There is a lot of news coming from Audi: not only have they introduced recently the new Q2 and A5 range, of which we will soon tell you more, but they a also coming up with very interesting technologies. This time, they focused on the suspension front. Indeed, everybody knows that a lot of kinetic energy is being lost by the suspension of a car. So it was written in the stars that someone would come with a new technology to convert this into electric energy…
Hans Knol ten Bensel
The Audi engineers developed a new electromechanical damper system for the rear wheels, coupled to a 48-volt electrical system. They dubbed it the eROT, and it responds quickly and with minimal inertia.
Ideally suited to every road…
As an actively controlled suspension, it adapts ideally to irregularities in the road surface and the driver’s driving style. A damper characteristic that is virtually freely definable via software opens new possibilities. It eliminates for instance the mutual dependence of the rebound and compression strokes that is inherent to conventional hydraulic dampers.
With eROT, Audi configures the compression stroke to be comfortably soft without compromising the taut damping of the rebound stroke. Another advantage of the new damper system is its geometry. The horizontally arranged electric motors in the rear axle area replace the upright telescopic shock absorbers, which allows for additional space in the luggage compartment.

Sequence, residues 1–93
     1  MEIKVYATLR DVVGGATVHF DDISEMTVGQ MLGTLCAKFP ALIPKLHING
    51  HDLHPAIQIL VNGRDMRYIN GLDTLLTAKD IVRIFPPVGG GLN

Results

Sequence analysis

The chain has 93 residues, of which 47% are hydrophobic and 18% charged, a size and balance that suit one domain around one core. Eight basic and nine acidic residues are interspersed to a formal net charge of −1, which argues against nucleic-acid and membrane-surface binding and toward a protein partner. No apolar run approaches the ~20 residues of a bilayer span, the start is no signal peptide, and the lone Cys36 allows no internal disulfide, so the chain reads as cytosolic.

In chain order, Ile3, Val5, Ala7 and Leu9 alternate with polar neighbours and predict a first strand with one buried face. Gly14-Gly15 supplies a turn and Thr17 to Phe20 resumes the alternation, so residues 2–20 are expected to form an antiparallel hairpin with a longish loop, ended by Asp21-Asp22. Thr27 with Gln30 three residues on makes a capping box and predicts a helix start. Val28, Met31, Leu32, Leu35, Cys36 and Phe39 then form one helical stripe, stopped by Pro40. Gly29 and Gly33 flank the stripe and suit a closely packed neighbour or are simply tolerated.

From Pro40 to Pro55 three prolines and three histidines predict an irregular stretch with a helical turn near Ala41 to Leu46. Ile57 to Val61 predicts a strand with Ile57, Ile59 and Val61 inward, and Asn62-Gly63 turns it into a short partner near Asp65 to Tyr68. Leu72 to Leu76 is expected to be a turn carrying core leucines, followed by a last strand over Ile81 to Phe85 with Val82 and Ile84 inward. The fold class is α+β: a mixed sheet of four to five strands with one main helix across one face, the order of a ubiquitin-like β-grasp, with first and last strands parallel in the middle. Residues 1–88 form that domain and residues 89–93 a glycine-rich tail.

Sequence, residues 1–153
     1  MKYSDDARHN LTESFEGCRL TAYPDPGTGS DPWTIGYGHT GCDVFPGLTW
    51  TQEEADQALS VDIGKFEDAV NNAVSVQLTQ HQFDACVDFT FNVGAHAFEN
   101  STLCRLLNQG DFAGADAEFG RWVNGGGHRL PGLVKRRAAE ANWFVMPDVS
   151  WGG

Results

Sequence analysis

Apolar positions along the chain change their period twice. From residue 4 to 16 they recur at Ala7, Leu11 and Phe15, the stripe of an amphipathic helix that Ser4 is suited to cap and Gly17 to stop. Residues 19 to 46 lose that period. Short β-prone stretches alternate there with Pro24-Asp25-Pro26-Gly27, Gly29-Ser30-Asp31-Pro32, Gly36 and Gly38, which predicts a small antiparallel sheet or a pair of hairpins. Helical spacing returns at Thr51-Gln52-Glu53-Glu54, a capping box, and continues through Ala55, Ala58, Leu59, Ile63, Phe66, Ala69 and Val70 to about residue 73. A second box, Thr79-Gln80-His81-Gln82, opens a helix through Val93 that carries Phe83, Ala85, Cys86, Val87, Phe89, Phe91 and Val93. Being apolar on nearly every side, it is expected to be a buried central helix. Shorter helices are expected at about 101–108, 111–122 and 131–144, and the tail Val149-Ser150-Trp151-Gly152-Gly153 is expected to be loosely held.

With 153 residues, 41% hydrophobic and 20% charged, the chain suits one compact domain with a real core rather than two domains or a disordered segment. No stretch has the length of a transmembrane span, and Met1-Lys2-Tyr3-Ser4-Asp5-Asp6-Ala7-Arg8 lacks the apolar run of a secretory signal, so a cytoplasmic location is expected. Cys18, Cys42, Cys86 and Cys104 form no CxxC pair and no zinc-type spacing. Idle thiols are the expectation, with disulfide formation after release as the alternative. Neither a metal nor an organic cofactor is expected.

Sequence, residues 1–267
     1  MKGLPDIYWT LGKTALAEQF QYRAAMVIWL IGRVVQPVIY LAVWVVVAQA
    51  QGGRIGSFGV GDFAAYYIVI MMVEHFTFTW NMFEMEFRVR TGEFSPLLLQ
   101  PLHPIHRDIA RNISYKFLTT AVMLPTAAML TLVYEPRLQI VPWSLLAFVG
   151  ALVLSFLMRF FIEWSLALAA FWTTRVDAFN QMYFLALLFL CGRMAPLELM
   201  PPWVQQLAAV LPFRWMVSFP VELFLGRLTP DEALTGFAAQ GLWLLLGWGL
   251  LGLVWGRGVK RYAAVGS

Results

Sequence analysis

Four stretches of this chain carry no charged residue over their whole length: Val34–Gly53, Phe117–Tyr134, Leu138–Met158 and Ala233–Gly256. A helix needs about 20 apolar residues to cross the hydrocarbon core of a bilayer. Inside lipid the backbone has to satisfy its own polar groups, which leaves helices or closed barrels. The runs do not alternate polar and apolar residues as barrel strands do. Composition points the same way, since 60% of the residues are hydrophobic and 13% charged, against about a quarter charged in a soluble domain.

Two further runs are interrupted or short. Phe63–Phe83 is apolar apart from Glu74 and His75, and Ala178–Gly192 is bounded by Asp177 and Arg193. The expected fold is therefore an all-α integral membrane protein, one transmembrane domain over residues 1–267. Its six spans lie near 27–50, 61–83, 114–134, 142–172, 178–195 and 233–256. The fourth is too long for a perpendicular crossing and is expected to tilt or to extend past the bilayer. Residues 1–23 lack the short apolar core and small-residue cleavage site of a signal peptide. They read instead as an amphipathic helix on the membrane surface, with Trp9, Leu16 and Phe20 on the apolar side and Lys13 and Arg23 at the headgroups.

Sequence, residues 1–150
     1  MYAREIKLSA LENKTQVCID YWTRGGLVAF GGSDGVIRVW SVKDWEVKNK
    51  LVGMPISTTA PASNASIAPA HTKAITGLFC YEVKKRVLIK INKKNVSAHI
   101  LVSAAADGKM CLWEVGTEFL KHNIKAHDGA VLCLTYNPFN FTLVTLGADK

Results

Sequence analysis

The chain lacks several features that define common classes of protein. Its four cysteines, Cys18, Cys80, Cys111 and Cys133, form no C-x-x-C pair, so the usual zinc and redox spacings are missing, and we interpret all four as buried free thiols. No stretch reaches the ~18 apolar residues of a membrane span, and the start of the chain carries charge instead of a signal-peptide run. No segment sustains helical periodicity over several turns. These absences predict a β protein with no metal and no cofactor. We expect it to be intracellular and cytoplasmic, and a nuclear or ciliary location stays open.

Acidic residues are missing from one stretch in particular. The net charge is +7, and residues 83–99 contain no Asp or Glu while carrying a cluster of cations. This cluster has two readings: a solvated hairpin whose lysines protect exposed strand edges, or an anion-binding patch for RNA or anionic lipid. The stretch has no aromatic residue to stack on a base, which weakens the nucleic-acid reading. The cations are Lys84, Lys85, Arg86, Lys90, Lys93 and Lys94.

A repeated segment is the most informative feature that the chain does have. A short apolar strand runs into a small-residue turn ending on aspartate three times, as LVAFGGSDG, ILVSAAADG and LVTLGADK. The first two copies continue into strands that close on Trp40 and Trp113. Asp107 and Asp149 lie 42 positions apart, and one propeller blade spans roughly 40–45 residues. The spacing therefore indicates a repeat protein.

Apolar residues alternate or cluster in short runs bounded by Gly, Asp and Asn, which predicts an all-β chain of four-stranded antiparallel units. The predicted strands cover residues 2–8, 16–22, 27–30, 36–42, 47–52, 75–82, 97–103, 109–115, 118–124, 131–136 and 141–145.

Here one sees a prototype, being set up and measured on the test bench…
… And producing e-power…
The eROT system enables a second function besides the freely programmable damper characteristic: It can convert the kinetic energy during compression and rebound into electricity.
To do this, a lever arm absorbs the motion of the wheel carrier. The lever arm transmits this force via a series of gears to an electric motor, which converts it into electricity.
The recuperation output is 100 to 150 watts on average during testing on German roads – from 3 watts on a freshly paved freeway to 613 watts on a rough secondary road. Under customer driving conditions, this corresponds to a CO2 savings of up to three grams per kilometer (4.8 g/mi).
The new eROT technology is based on a high-output 48-volt electrical system.
In the current configuration, its lithium-ion battery offers an energy capacity of 0.5 kilowatt hours and peak output of 13 kilowatts. A DC converter connects the 48-volt electrical subsystem to the 12-volt primary electrical system, which includes a high-efficiency, enhanced output generator.
Initial test results for the eROT technology are promising, and its use in future Audi production models is plausible, as the manufacturer states.
A technical prerequisite for this is the 48-volt electrical system, which is a central component of Audi’s electrification strategy.
In the next version planned for 2017, the 48-volt system will serve as the primary electrical system in a new Audi model and feed a high-performance mild hybrid drive. It will offer potential fuel savings of up to 0.7 liters per 100 kilometers.
Again an important step towards more mobile efficiency, and interesting enough to merit our attention. Stay tuned for more high-tech news!
Hans Knol ten Bensel